"Game Story" exhibit in Paris

Yesterday I went to le Grand Palais in Paris to attend "Game Story". This exhibit organized by the RMN (a French museum institution) and MO5 (an associated devoted to video-game and computer platforms) addressed the history of video games, from "big white squares" to 3D displays, from arcade box to mobile consoles.

The exhibit is not just about looking at old cubic machines scattered in the magnificent palais since people can also play with most of the devices. This is actually quite interesting as there are two things that attracted my attention there: the game platform and the way people used it. As most of the pieces are not brand new (and given that people could use them) you could see traces of dust and dirt here and there... which is always a good indicator of an artifact relevance. Those traces of human activity reminds us that these pieces make sense to people and they really enjoy using them.

Observing how people "use" with pieces in museum is generally limited to Contemporary art exhibit with interactive artifacts... and perhaps it's far less interactive than a whole aisle made of video-games. Even security members chatted with visitors to discuss the pluses and minuses of game controllers and specific titles.

Interestingly, the exhibit is not just about platforms; you also have plenty of artefacts from what shaped the video game culture : RPGs, toys, magazines among other pop-culture objects. This is quite good as it allows the attendants to draw some comparisons between contextual elements (that could be related to kawai or heroic-fantasy content) and what's exposed on the game console per se.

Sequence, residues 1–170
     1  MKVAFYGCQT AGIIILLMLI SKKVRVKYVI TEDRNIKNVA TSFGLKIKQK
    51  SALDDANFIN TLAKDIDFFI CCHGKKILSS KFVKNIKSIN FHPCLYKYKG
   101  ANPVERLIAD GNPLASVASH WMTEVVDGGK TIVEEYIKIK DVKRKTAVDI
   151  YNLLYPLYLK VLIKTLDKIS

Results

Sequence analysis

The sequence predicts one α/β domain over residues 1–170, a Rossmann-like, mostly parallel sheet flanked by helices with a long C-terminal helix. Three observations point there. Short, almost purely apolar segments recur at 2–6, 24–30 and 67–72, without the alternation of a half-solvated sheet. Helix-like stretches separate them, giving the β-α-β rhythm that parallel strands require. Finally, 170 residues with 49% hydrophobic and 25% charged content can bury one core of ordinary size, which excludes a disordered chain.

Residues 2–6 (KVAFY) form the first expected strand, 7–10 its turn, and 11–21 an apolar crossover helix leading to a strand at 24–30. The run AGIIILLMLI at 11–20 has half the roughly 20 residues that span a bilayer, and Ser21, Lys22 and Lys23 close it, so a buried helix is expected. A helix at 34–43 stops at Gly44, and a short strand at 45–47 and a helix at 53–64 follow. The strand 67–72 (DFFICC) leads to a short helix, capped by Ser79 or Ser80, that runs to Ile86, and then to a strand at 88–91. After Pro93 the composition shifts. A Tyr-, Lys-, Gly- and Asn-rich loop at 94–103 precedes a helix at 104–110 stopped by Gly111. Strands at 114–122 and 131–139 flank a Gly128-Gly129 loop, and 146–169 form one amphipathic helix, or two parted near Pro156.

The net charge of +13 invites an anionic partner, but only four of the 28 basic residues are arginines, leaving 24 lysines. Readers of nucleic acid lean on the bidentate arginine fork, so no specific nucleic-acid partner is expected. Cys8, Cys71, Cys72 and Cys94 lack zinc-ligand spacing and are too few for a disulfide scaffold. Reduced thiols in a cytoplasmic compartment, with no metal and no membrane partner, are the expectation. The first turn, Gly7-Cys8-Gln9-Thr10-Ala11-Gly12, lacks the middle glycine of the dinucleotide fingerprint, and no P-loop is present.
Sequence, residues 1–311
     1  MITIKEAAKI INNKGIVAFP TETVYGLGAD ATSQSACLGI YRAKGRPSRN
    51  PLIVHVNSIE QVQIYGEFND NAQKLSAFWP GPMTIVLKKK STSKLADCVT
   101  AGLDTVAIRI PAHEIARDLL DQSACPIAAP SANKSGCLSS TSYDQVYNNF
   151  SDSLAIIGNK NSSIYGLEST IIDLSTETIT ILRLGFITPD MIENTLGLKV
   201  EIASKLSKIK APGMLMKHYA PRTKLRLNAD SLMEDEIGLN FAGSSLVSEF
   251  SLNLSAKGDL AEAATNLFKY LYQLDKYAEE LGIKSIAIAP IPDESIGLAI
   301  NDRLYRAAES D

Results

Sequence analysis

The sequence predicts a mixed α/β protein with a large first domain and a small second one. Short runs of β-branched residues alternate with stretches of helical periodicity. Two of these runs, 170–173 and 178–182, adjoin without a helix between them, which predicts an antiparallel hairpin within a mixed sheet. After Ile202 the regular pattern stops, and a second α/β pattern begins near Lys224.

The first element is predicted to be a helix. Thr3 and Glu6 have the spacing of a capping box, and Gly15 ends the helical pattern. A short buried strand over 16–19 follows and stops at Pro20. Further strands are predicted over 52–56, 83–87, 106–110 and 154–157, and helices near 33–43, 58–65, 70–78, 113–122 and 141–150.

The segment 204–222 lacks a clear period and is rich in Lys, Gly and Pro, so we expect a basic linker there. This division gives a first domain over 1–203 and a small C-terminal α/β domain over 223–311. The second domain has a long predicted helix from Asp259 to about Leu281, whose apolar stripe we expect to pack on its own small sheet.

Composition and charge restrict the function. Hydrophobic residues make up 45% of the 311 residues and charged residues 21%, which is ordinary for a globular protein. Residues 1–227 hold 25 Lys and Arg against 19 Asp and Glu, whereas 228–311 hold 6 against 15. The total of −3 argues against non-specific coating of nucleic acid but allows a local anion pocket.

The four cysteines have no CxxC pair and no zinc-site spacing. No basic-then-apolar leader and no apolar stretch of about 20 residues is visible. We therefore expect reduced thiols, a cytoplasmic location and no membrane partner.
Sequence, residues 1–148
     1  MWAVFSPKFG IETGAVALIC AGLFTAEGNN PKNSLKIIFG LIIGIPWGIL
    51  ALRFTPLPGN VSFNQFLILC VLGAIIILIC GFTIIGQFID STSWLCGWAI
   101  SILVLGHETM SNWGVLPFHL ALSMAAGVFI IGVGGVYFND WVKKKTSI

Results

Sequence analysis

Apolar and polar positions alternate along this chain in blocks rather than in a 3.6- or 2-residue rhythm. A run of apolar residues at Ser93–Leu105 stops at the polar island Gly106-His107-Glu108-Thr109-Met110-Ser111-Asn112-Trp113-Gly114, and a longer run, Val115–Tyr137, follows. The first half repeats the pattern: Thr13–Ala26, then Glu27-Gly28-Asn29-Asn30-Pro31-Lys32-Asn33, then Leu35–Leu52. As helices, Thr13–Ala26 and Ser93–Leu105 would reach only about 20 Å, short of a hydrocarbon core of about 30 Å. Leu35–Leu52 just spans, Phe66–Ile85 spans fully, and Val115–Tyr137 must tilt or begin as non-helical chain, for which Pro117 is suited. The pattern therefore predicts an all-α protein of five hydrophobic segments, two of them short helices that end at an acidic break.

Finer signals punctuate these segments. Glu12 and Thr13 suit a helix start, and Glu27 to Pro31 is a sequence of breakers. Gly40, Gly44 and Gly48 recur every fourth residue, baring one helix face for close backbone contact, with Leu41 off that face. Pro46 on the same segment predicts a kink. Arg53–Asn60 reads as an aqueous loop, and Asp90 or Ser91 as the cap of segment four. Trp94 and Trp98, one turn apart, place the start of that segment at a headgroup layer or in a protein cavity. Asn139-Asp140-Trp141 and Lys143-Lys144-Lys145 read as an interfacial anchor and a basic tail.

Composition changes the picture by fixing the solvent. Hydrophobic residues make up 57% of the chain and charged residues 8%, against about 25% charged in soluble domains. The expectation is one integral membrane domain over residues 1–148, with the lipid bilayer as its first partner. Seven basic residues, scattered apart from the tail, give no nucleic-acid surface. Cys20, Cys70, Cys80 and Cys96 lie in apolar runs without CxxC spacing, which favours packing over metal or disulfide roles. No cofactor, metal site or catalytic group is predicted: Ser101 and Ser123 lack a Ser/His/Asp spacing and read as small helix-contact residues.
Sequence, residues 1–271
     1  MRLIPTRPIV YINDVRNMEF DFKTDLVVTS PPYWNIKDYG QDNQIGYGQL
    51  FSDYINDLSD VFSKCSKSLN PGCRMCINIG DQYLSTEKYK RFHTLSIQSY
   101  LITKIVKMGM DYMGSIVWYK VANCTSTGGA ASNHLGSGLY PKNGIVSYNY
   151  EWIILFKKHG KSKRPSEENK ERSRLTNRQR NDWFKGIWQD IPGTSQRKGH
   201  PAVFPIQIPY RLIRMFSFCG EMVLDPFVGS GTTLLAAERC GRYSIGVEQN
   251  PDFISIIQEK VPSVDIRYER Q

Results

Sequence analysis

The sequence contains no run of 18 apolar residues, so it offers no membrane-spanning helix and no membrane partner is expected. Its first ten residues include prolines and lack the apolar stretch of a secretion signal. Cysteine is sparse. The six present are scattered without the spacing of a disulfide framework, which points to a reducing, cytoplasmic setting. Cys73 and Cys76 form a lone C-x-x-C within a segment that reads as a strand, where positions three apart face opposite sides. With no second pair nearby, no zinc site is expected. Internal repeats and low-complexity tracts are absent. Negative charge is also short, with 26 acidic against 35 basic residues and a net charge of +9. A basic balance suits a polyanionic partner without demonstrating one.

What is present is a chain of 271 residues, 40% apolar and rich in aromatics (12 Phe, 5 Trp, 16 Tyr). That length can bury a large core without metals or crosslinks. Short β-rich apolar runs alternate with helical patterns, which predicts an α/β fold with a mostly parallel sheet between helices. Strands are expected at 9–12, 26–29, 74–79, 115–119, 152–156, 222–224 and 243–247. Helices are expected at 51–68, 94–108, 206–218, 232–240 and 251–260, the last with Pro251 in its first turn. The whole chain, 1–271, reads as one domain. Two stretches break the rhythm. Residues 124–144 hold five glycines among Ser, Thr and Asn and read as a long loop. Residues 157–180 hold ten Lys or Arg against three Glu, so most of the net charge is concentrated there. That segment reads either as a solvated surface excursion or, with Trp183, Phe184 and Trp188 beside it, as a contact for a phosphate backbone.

Such an exhibit also reminds us of the difficulty to maintain this sort of non-tangible material. Most of the pieces presented are based on cartridges and electronic devices (with some CD/DVD-based games) but it becomes harder with cassette and even more impossible if you want to consider early network-based platforms (Minitel games, the beginning of the Web).

Why do I blog this? On a more personal note, I definitely enjoyed spending time there because of the game controller book project. No big surprise for sure but it was an occasion to see the artifacts I am writing about and to observe how people interact with them.